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  1. Explore the Craft of Writing Poetry Japanese Verse Renga, Renku, or Haikai-no-renga is the linked poem discipline developed by Basho. It is a cooperative poem of many stanzas. Poets, (2 or more) gather to create a spontaneous poem of alternating 17 syllable (5-7-5), 14 syllable (7-7) stanzas. A popular form of Renga is written in 36 stanzas known as kasen renku. The custom dates back to 13th century Japan. The poets in rotation take turns writing the stanzas. The poem begins with the hokku (5-7-5) recording when and where the gathering occurs, see below. The next stanza (7-7) is usually written by the host, in response to the subtle compliment suggested in the hokku. From there the stanzas are written in turn by the various members of the assembly in an alternating (5-7-5), (7-7) pattern. The poem is ended in a tanka (short poem) which combines 2 renga stanzas into 1. (5-7-5-7-7) The renga or renku is not meant as a narrative, it doesn't tell a sequential story. It is meant to move around, the stanzas should "link and shift" Bruce Ross, How to Haiku. The stanzas link in some subtle way to the previous stanza only, not the whole poem. The link can be through a word, a mood an idea set in the previous stanza. It "develops texture by shifting among several traditional topics without narrative progress" William Higgins, The Haiku Handbook. The elements of the Renga or Renku are: syllabic. Alternating stanzas, usually of 5-7-5 and 7-7 syllables. (onji or sound symbol for which there is no exact translation in English, the closest we can come is syllable) a cooperative poem, written by 2 or more poets. spontaneous. composed with stanzas or verses that "link and shift", it does not tell a sequential story. Can have over a 100 verses (hyakuin renku), but the most popular form is to end at 36 known as kasen renku. (nijuin =20 verses, hankasen = 18 verses, shishi = 16 verses, jusanbutsu = 13 verses & junicho or shisan = 12 verses structured with a beginning, middle and end. Hokku (starting verse), followed by linked verses, and ends with a Tanka (small poem). connected to the seasons. Although the hokku indicates the season in which the gathering occurs, somewhere within the renga, there should be verses referring to each of the seasons to create a complete circle. The following isn't a full renga but the stanzas are written by different poets and it gives you an idea of the pattern of stanzas and "link and shift". shade of giant tree lacy shadows cool poets summer parasol --- jkt (hokku by guest poet) walk of friendship warms the feet the head cooled by task at hand ---jvg (host's response, wakiku or side verse) those who walked before never turned to look for us but left their footprints ---fj (daisan, the third) walk with a poet awhile cool sand between tanned toes ---jkt a walk in the woods putrescent trees on the ground life for small creatures --- mm the smallest life is my life I sit in stillness and write. --- jvg perhaps a poet, summer, spring, winter, or fall, will abide with me. --- cl time ever moves without pause a circle, new life to old ---jkt winter snow is back beginning new cover up to spring's confusion ---jm crystal covers burrowed home I snuggle under down quilt ---jvg Small gray rabbit melts prone into soft snow furrow I'm really not here --- bh the pocket of a soldier carries my letter from home --- jkt in God's Name we war hate can grow in any season we feel no sorrow --- rab sorrow holds regret for loss of what went before loss of what did not spring to winter, back to spring circle of life, love and hate --- jvg (tanka) Hokku, 発句 (opening or starting verse) is the introduction or beginning verse of the Renga or Renku, a linked communal poem. As far back as the 13th century Japan, poets would gather to write a Renga in a kind of poem writing party each poet contributing verse in a linked fashion. Originally, as a compliment to the host, one of the guest poets would write the hokku. The purpose of the hokku is to record the logistics of the gathering, when (season, month and/or time of day) and where (natural setting). By the time of Basho 16th century the hokku could be found as a stand alone poem. It is the precursor of the haiku that came into popularity a bit later. It is this hokku rule of time and place that was carried over into the later haiku which established naming a season with images of the environment as elements of the traditional haiku. The elements of the hokku are: syllabic, 17 syllables or less. (onji or sound symbol for which there is no exact translation in English, the closest we can come is syllable) commonly written in 3 lines often broken at 5-7-5 syllables. names the season, month, and/or time of day as well as the location where the Renga gathering occurs. All of the above can be named through symbols of the season etc. usually written by a guest poet. ふうりうの初やおくの田植うた fūryū no hajime ya oku no taueuta beginnings of poetry— the rice planting songs of the Interior ~~Basho translated by Shirane If I were the guest poet writing a hokku in this time and place, (summer in Northern California) I could write a hokku something like, shade of giant tree lacy shadows cool poets summer parasol ---jvg Nijuin is a 20 stanza renga introduced by 20th century renga master Meiga Higashi. The form not only has the limited # of stanzas, it is the shortest of the rengas, but it also divides the poem into 3 sections. The first 4 stanzas begin in Spring, the next 12 travel through the seasons including love and moon verses and the last 4 stanzas end back in Spring.
  2. Tinker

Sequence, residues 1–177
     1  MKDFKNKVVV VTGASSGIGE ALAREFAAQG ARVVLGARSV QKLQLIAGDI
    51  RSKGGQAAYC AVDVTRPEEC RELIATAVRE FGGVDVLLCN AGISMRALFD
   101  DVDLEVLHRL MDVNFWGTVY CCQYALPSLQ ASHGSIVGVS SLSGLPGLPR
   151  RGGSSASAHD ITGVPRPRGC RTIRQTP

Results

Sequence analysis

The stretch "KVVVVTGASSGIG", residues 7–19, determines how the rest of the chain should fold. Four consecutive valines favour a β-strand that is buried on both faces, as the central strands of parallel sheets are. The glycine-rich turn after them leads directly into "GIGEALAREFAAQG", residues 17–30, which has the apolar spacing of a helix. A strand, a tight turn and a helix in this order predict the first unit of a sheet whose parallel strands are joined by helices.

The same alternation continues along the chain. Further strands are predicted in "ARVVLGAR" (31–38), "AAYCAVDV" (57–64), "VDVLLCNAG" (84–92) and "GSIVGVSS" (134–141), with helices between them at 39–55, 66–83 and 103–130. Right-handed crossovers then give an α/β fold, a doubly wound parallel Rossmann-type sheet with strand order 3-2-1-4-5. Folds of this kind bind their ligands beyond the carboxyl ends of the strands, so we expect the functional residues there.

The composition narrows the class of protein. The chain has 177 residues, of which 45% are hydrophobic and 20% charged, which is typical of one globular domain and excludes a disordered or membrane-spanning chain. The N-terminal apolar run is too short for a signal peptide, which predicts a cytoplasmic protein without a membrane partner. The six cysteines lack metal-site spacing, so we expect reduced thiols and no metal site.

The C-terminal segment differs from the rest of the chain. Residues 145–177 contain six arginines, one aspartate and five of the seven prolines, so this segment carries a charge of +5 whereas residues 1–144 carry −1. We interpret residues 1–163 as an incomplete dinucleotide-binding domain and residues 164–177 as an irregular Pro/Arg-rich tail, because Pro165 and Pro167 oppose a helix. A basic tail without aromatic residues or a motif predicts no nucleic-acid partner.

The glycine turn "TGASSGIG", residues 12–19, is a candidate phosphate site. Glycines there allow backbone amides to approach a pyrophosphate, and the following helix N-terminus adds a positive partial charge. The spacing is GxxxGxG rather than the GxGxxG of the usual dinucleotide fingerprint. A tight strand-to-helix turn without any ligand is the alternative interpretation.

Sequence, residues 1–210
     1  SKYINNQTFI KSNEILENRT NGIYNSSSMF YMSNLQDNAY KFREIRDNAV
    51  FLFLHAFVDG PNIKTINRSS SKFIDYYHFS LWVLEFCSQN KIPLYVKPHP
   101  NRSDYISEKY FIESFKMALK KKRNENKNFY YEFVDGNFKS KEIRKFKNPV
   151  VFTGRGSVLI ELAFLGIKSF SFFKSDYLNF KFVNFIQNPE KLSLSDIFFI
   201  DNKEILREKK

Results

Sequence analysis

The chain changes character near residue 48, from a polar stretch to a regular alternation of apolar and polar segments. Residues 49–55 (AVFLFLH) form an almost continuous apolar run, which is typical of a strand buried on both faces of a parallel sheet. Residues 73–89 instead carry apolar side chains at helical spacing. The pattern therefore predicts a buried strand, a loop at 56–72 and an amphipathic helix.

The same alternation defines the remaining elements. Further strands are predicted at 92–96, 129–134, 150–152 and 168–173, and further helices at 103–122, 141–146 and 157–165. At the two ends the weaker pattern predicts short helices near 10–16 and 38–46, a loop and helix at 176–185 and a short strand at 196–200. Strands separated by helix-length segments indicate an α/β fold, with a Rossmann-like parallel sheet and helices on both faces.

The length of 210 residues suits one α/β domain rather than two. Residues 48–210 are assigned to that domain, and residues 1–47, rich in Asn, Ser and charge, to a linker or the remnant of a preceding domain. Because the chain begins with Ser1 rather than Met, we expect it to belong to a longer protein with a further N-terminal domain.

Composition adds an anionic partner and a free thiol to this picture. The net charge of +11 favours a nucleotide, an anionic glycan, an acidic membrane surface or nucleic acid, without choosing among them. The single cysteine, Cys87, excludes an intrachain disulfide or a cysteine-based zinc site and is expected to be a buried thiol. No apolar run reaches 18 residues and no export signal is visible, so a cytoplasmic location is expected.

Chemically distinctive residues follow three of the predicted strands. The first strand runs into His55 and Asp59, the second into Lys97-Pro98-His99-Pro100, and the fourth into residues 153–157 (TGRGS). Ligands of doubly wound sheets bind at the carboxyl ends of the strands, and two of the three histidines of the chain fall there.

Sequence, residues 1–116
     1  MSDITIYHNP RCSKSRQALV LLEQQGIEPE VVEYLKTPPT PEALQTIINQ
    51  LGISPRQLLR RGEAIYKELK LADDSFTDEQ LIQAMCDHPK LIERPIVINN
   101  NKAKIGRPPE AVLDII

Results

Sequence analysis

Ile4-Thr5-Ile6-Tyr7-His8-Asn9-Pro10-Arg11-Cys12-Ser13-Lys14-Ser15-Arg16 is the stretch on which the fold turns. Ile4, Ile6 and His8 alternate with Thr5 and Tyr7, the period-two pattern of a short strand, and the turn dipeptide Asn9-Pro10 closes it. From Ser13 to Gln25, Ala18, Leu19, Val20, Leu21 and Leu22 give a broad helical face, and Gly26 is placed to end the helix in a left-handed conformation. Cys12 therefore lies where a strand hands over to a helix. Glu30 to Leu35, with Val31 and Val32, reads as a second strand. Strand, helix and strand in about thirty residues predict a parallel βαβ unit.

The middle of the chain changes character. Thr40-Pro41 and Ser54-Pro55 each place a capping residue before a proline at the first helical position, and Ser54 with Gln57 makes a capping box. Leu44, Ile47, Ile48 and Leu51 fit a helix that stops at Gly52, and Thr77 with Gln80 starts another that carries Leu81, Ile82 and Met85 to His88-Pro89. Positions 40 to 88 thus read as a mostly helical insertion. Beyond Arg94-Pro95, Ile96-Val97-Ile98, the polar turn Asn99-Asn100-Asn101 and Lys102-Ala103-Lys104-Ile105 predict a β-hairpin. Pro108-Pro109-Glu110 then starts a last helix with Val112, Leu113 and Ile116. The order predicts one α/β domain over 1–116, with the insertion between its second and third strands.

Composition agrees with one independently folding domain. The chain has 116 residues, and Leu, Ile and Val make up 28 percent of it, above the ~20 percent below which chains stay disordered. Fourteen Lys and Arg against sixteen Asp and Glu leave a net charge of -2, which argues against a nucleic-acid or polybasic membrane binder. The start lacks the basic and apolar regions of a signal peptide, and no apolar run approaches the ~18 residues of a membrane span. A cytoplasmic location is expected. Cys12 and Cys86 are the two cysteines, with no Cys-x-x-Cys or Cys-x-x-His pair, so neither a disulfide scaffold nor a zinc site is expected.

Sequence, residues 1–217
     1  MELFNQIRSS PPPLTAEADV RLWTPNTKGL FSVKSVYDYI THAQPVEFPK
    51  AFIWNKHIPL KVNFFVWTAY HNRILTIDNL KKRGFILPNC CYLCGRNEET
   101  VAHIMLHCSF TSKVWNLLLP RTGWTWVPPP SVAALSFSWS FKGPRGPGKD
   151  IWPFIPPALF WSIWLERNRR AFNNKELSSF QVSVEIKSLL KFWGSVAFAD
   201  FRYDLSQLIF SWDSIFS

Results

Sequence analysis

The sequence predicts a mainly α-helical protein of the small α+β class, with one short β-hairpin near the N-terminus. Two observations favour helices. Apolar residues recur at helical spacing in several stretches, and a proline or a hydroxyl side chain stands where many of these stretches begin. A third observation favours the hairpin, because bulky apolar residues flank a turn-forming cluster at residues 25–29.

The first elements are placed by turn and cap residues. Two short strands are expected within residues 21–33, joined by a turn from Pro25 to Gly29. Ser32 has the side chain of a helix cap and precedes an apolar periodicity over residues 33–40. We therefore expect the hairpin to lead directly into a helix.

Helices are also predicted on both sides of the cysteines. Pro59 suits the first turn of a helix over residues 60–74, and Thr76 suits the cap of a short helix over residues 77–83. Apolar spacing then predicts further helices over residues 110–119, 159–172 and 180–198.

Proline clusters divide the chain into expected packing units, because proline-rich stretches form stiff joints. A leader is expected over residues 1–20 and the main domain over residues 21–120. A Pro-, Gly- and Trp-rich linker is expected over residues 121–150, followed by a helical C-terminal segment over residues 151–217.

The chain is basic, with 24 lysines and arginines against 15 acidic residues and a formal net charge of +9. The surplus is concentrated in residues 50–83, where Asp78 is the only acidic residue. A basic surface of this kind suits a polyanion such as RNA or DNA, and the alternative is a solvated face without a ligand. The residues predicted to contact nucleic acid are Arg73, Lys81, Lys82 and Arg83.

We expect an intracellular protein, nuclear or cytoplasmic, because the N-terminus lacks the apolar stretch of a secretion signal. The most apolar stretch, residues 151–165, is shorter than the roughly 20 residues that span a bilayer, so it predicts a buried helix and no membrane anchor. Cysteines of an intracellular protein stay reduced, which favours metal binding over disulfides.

Explore the Craft of Writing Poetry Japanese Verse birth and death of a moment haiku ~~jvg captured moment chosen words placed with care small poem, bright light ~~~jvg Haiku, is a small, imagist poem written in the moment. The image drives the emotion and provides the inspiration for insight or enlightenment. It is said to be a poem in an utterance of a breath. I love this form and find myself responding to moments in the day with haiku-thoughts. The haiku is a descendant of the hokku, which is the first stanza of the much longer communal poem, renga. The purpose of the hokku, usually written by the most prestigious poet in the renga gathering, was to record the time (season) and place (natural surroundings) of the gathering. When in the 13th and 14th centuries the hokku began to take shape as a stand alone poem, it naturally retained its original features. It wasn't until the 20th century that the Japanese modernist poet Masaoka Shiki called the verse form haiku. His student Kyoshi is said to be the founder of the "traditional haiku" in which images from nature (usually tied to the seasons) are expressed. A second student Hekigodo felt the haiku should be broader and anything could be the subject without limiting the images to nature. This is often referred to as "modern haiku". So from the beginning there have been differences of opinion on the subject matter. A "traditional haiku" is like an extension of Zen. The first unit describes a setting in nature, including the direct mention of a season (kigo) or its symbol, (kidai, ...cherry blossoms, geese and many others. In Japanese there are actually journals of kidai that are used by traditional poets.), the second unit expands the image often switching to a surprise or conflicting image and the third relates the human condition, relevant to the setting. Japanese uses no punctuation therefore each unit or image must rely on a strong word or phrase to naturally pause and switch the readers focus. This is known as the kireji (cutting word,) This is usually found in the second unit and is the pivot or cut where the first unit and the third unit could switch places in perfect balance. The "modern haiku" draws images from life experiences and as with the traditional describes the images in 2 different observations, sometimes conflicting or surprising, then offers an insight from the images. Haiku is measured by the syllable in English. I have addressed the differences in the Japanese language and English earlier in my introduction to Japanese poetry. In Japanese the measure of the line is the onji or sound symbol which is actually shorter than most English syllables. There is no exact duplication in English for the Japanese onji so we default to the less complicated, syllable. English translations of Japanese haiku cannot replicate the onji as syllable count and you will find that both Japanese translations and modern American haiku often do not adhere to the common assumption of 5-7-5 syllable or line count. stillness: sinking into the rocks a cricket's voice ----Basho (15th century) Haiku takes place in the moment whether traditional or otherwise. A "haiku moment:: A moment when the mind stops and the heart moves." Margaret D McGee, Haiku - the sacred art. This is one of the most important defining features, in contrast to most poems that dwell in the mind of the poet, "haiku embodies a feeling experienced in a moment of time." Haiku is more than just the present, it is "a moment of awareness, insight, surprise or delight" How to Haiku by Bruce Ross , an ah ha! moment. This adds depth. The elements of Haiku are: syllabic (17 syllables or less) an imagist poem (draws the emotion from the image). Concrete images are described. It is important in haiku to deemphasize the ego. The subject, not the poet is what focuses the haiku. "One of the most common characteristics of haiku,. . . . is silence." Bruce Ross. The words silence or stillness can be used in haiku, but it is the concrete image as described that makes the reader respond to the feeling of silence. written in the moment. The past can be referred to as long as it doesn't overpower the present. one of two forms "traditional" or "modern" "traditional" requires a season be named and images and emotions be drawn from of nature. "modern" can be images of relationship, personality, experience, etc often a tristich, commonly written in 3 lines. BUT, it can be written in 1 or 2 lines. (if not broken into 3 lines, the haiku should still follow the pattern of 3 units, 2 images that either conflict or expand resulting in insight.) The common break down of syllables: L1 5 syllables describes image (traditional name season) L2 7 syllables, adds conflicting image or expands first image L3 5 syllables provide insight (the ah ha! moment) through a juxtaposed image. A description of a natural experience in language that " comes from simplicity, elegance and concentration of mind." Bruce Ross It is not merely a description but the expression of the feeling of the poet from the experience of the moment. Figurative speech, metaphor or simile is generally not used in the haiku, though it can and does appear. Not a drama nor a setting, there should be no manipulation on the part of the poet. Written with an epiphany or ending (satori), that should penetrate into the heart of the theme. It is sincere, uncontrived. When writing, the poet should attempt not to add -"ing" to the end of verbs to avoid artificial emphasis. Written in perfect balance. Repetition should be avoided since it throws off the balance the haiku. "There should be a perfect balance of images, ideas, phrasing, word choice and sound." Bruce Ross An untitled poem which is often numbered. evolutionary, the haiku has been changed by time and embraced by many cultures. The Brazilians even added rhyme A few of my own Ah-ha moments. ~~ Judi Van Gorder hard ground of winter... where late frost threatens to bite daffodils in bloom small stone smooth with time in laughing mountain creek bed I bathe with minnows flour and nuts sprinkled across kitchen floor sweet smell of cookies damp morning breeze floats off of the Pacific salt on my tongue wet dog splashes suds, tremors move from head to tail cat on sofa purrs rain slicked asphalt littered with fallen leaves frost crunches under foot Abbreviated Haiku is written in either 2 lines with syllable count 7/2 or 3 lines with syllable count 3/5/3 or 2/3/2. This is sometimes called Miku. creeper weeds cover garden path blistered hands --jvg Brazilian Haiku is rhymed, either aaa or aba or abb Las Vegas contrite glows with perpetual light all day and all night ---jvg